The Asus Eee PC Transformer TF101 is the first Android tablet of its kind. One one end, it’s a Honeycomb tablet and on the other, it’s an Android netbook. Its design and form factor gave it a bit of an edge that no other tablet can match. Read on and check out our full review of the Asus Transformer after the jump.
While most other tablets offer a separate wireless keyboard or an add-on dock (iPad, Galaxy Tab, TouchPad), Asus took it a bit further and manufactured an Android tablet that practically transforms into a netbook when attached to the dock. Thus, the Transformer label.
Of course, Asus will give you the option of getting the tablet only or both at the same time. For this review, we look at both to give you a better perspective why this tablet distinguishes itself from the rest of the pack.
The Asus Transformer looks like your typical 10-inch Honeycomb tablet, comes in a chocolate brown color with a thick, black bezel. It’s actually a bit thick at the middle at 12.9mm but tapers towards the edges so it looks thin.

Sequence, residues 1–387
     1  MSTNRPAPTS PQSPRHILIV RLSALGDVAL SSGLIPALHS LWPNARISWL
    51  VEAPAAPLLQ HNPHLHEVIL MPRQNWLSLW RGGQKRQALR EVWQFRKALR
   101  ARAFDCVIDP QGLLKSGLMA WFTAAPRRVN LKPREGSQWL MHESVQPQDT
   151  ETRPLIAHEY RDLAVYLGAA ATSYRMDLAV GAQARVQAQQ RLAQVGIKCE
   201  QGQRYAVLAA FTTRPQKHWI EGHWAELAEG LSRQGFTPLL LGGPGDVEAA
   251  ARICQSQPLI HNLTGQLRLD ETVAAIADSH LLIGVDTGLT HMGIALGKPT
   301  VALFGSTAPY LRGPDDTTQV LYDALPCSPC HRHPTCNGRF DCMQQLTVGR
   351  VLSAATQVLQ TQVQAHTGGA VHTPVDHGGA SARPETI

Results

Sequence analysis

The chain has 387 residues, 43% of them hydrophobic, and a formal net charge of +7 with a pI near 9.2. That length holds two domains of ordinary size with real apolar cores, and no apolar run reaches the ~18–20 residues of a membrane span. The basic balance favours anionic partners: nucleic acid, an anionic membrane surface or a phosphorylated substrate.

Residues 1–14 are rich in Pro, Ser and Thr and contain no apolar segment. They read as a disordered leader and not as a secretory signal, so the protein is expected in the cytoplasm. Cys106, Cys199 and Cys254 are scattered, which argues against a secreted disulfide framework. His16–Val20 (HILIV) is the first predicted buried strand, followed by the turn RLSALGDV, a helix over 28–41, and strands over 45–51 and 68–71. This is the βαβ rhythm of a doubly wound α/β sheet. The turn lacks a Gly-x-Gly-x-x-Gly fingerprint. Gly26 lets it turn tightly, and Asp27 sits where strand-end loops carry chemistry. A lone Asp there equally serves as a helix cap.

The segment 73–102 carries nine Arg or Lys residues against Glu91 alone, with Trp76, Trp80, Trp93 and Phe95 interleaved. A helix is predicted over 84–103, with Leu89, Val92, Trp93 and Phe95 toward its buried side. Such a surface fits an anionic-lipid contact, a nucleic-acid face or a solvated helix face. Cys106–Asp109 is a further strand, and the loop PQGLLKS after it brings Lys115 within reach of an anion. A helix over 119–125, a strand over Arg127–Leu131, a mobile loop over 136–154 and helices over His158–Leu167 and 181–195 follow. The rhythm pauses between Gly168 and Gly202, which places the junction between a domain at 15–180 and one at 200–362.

The back panel is made of plastic with tiny embossed sunflower engravings with the 5MP rear camera on one side. The edges are lined with a thin strip of anodized aluminum.
The sides are lined with a number of ports — a 3.5mm mic/earphone port, micro-HDMI and microSD port on one side and power button beside the volume rocker on the other side.
The mobile dock that houses the full qwerty keyboard also comes with an SD/MMC card reader and two USB 2.0 ports. Both the dock and the tablet has the proprietary 40-pin USB connector for power and data so you can charge either of the devices individually or while in the netbook mode.
All-in-all, you can actually expand the storage of the device up to 64GB (32GB for the microSD and another 32GB for the SD/MMC). The tablet alone is a little on the heavy side because of the metallic construction and when attached to the dock, it’s as heavy as most 10-inch netbooks in the market.
The tablet snaps right into the dock pretty neatly using the 40-pin USB connector port along with two additional latches on both ends. To un-dock, there’s a slider lock on the dock to release the latches.